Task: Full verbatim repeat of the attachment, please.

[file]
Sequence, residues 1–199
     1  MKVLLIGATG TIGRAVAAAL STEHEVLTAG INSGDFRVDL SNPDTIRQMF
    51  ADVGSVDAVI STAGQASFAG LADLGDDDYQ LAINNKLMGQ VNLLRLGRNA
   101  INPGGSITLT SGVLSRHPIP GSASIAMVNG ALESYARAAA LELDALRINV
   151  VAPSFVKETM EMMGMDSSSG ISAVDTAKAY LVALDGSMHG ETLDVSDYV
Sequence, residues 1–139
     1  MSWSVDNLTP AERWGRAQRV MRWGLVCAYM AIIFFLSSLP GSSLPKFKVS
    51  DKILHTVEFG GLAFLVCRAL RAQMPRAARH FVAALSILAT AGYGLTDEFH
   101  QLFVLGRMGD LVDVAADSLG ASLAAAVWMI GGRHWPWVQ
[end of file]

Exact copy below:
Sequence, residues 1–199
     1  MKVLLIGATG TIGRAVAAAL STEHEVLTAG INSGDFRVDL SNPDTIRQMF
    51  ADVGSVDAVI STAGQASFAG LADLGDDDYQ LAINNKLMGQ VNLLRLGRNA
   101  INPGGSITLT SGVLSRHPIP GSASIAMVNG ALESYARAAA LELDALRINV
   151  VAPSFVKETM EMMGMDSSSG ISAVDTAKAY LVALDGSMHG ETLDVSDYV
Sequence, residues 1–139
     1  MSWSVDNLTP AERWGRAQRV MRWGLVCAYM AIIFFLSSLP GSSLPKFKVS
    51  DKILHTVEFG GLAFLVCRAL RAQMPRAARH FVAALSILAT AGYGLTDEFH
   101  QLFVLGRMGD LVDVAADSLG ASLAAAVWMI GGRHWPWVQ